'The Problem Is the Replanting'


A front-page story in Saturday's New York Times notes that the multibillion-dollar Plan Colombia has dramatically increased the number of coca acres fumigated, the number of cocaine labs destroyed, the number of traffickers extradited, and the amount of cocaine seized during the last few years, with no discernible impact on cocaine availability or prices in the U.S. That part is not surprising; it follows a familiar pattern of failure for efforts to reduce drug consumption by attacking supplies in or near source countries. The surprising part is that the Times has started to notice the pattern—with respect not just to source control but to the war on drugs in general, which it notes has been waged under that name by seven administrations and now costs taxpayers something like $40 billion a year:

The lingering question is whether America's drug problem would be worse today had the drug war, nearly 40 years in the making, never been waged. That may be unanswerable.

What is clear is that the war on drugs, the original open-ended war against an elusive and ill-defined enemy, has moved inexorably onward, propelled by decades of mostly unflagging political support on both sides of the Congressional aisle.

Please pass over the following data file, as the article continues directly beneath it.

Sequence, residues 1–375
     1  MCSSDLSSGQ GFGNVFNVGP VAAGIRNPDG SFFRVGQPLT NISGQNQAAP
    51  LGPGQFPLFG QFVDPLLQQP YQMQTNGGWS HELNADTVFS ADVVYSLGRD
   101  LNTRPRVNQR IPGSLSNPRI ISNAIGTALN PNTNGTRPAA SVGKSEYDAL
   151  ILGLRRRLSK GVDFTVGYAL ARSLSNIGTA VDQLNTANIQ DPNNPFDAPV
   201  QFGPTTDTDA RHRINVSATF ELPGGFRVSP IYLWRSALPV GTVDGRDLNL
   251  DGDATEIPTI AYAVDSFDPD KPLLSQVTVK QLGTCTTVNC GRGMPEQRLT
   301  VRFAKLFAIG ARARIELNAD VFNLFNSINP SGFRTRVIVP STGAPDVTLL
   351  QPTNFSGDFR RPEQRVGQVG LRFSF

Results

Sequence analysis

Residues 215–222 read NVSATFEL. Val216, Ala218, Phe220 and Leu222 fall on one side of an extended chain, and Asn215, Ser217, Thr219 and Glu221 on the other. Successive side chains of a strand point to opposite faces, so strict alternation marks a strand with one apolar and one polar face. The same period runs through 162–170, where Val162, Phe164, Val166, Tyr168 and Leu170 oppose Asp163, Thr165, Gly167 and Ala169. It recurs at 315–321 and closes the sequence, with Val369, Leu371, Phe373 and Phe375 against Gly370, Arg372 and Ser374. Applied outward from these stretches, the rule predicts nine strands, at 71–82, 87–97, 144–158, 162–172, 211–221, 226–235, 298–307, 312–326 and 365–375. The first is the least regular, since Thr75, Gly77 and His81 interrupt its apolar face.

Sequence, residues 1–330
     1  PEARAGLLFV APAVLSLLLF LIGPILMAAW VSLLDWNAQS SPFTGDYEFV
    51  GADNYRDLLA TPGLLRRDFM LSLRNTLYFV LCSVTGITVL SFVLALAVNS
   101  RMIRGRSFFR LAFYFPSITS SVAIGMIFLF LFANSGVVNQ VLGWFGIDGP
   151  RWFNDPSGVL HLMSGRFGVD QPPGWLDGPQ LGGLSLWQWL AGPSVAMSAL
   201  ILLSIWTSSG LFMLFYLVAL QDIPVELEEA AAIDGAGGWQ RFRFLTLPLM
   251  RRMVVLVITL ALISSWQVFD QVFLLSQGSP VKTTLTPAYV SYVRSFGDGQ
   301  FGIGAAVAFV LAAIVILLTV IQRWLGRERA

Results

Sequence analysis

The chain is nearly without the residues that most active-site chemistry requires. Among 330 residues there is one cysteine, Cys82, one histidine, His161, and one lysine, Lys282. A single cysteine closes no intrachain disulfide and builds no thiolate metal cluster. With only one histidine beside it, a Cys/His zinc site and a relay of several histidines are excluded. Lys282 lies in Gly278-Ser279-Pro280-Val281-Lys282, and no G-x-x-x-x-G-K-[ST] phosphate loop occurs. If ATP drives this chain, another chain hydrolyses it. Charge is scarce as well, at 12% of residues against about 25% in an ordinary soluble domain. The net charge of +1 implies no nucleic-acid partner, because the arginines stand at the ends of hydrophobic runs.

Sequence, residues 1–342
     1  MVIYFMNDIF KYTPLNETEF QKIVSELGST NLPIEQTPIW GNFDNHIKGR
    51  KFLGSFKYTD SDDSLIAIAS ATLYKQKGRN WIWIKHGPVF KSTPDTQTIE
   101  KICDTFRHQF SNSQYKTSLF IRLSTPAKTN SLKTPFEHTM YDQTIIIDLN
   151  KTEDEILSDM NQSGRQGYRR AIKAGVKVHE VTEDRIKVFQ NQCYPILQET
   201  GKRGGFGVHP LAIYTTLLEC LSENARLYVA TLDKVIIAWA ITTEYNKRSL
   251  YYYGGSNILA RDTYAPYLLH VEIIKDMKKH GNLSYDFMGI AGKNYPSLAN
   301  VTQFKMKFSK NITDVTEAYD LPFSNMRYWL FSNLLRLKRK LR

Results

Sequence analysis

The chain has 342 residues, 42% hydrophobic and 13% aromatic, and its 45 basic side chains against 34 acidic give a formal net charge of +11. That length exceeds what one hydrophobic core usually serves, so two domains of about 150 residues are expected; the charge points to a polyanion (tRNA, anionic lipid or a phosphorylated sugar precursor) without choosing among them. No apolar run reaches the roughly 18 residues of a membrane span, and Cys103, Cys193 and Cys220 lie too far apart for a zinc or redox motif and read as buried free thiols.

Federal drug warriors, as always, insist we are about to turn the corner. "You see the remaining cultivation and trafficking in Colombia under pressure as you've never seen it before," says John P. Walters, director of the Office of National Drug Control Policy. "We are gradually constricting them," says the ONDCP's David Murray. "This is a trade whose days are numbered." Others are less optimistic, as the Times repeatedly points out. "Colombia is the only country in the world where the problem of eradication has been resolved 10 times," says Sandro Calvani, chief of the United Nations Office on Drugs and Crime in Bogota (who made an appearance in Toby Muse's June 2005 Reason article about opposition to the war on drugs in Colombia). "The problem is the replanting." That's one way of looking at it.

Timothy Pratt covered the inception of Plan Colombia for Reason in 2000.